Sources report that Massachusetts has deployed blinking green traffic signals at some intersections. My drivers' education, at least, was entirely silent on the question of what one does at a flashing green. If red means "stop" and flashing red means "stop, and then proceed with caution," does that then make the flashing green a signal to go through the intersection normally, and then proceed with caution? If a yellow means "slow down" and flashing yellow means "slow down even more," does that make a flashing green your command to go faster?
It turns out (courtesy of the ODP and rec.travel), perhaps unsurpsingly, that there is no uniform agreement on the meaning of a blinking green light. In a bunch of Canadian provinces, it has the same general meaning that a regular green light does, with the added modifier that you are the undisputed master of all you survey. All other traffic entering the intersection has a stop sign or a red light, and must bow down before your awesome cosmic powers. On the other hand, if you're in Massachusetts or British Columbia and you try a no-look Ontario-style left turn on a blinking green, you're liable to get into a smackup, since the blinking green means only that cross traffic is seeing red, with no guarantees about oncoming traffic. One might observe that this makes a blinking green light entirely equivalent to a regular green light. In this, one would be correct, except that the flashing green is usually only triggered by pedestrians, which means the pedestrian who triggered it is probably somewhere nearby, and you really ought to be careful not to wrap your fender around them.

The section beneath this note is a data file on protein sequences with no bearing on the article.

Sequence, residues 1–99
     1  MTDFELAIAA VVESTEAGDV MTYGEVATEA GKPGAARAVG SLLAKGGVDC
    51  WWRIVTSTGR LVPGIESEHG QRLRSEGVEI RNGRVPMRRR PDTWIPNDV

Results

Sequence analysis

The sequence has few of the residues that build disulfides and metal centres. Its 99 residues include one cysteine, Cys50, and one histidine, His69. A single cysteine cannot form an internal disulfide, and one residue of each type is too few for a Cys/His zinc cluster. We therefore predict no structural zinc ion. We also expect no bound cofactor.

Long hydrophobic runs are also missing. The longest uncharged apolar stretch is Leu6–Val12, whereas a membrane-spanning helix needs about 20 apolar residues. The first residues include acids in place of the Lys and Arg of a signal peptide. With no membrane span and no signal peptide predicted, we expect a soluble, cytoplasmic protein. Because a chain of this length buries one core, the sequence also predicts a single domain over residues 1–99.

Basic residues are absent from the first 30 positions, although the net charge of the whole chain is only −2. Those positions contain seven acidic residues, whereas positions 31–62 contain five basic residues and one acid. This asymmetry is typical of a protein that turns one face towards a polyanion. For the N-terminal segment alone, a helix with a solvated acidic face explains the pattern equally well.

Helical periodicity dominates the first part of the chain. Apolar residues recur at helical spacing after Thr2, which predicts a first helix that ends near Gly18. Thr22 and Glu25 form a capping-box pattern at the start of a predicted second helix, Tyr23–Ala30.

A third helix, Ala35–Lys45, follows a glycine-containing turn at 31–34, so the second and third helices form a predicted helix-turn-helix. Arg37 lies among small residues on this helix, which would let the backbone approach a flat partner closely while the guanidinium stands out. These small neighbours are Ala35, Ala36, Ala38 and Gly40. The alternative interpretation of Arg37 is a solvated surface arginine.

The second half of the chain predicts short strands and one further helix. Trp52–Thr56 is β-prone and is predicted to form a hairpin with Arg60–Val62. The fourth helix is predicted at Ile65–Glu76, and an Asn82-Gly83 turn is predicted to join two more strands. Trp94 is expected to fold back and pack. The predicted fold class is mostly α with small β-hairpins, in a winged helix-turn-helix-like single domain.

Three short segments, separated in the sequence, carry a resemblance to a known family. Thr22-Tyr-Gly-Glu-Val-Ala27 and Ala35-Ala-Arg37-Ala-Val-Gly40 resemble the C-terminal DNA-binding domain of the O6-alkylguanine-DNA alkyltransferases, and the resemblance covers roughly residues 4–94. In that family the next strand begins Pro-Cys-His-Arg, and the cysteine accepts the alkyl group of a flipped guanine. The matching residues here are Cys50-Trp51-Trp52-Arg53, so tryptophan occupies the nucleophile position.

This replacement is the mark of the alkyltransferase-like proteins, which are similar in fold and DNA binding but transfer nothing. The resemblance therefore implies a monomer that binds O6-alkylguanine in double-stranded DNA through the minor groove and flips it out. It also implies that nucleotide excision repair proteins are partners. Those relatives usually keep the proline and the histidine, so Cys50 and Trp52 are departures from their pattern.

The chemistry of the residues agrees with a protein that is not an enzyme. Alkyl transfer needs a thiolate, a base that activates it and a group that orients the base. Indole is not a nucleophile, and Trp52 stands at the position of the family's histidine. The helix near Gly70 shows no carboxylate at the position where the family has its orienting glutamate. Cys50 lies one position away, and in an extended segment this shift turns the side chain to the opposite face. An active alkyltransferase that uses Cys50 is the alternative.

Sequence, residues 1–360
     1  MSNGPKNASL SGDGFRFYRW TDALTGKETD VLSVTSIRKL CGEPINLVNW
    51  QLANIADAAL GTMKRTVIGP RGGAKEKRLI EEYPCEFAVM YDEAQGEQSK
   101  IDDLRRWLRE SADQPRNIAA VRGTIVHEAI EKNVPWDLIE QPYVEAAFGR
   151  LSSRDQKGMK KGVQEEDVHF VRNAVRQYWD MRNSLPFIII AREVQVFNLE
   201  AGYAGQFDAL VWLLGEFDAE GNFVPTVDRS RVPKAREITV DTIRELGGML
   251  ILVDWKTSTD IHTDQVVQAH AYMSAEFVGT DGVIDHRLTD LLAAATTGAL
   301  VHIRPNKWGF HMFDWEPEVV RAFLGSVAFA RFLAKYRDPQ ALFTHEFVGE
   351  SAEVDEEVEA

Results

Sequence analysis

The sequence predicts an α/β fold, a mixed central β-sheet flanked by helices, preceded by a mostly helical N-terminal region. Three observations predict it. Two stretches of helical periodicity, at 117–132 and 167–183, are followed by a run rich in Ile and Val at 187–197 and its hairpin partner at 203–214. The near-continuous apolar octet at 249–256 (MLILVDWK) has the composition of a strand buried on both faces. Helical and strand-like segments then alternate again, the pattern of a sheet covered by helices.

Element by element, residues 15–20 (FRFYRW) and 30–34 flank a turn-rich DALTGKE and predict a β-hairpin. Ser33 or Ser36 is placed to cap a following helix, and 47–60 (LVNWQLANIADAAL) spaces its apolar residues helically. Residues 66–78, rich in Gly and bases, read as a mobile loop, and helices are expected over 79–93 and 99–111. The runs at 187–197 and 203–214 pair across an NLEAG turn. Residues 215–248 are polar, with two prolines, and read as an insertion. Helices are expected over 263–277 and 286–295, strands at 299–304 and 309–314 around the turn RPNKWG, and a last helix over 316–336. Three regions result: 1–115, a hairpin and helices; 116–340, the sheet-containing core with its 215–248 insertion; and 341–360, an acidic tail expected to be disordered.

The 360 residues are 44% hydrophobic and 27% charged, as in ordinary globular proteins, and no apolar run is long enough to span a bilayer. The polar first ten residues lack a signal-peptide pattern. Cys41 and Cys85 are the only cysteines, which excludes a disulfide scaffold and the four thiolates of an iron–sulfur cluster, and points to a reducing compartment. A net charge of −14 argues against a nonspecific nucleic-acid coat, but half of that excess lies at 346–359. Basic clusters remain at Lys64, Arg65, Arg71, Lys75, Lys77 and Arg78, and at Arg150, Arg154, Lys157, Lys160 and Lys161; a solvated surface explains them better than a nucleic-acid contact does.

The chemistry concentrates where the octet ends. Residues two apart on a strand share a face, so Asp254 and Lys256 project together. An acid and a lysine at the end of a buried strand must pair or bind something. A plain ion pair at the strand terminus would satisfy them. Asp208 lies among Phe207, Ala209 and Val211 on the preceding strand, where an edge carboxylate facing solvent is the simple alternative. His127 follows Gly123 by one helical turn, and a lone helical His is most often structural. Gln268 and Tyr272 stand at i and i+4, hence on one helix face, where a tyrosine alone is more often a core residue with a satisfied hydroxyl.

To recap, in Alberta, Manitoba, Ontario, Quebec, and New Brunswick, the flashing green light is your license to be more than usually reckless, but in Massachusetts and British Columbia, it means you should be more than usually careful. The usability gurus would have a field day, I'm sure. Messing with the traffic signals is a sure sign of a society in turmoil: during the Cultural Revolution, a Red Guards contingent observed that the Beijing traffic lights were reactionary, since glorious revolutionary red meant "stop." The proposal got as far as Zhou Enlai's desk before being tabled.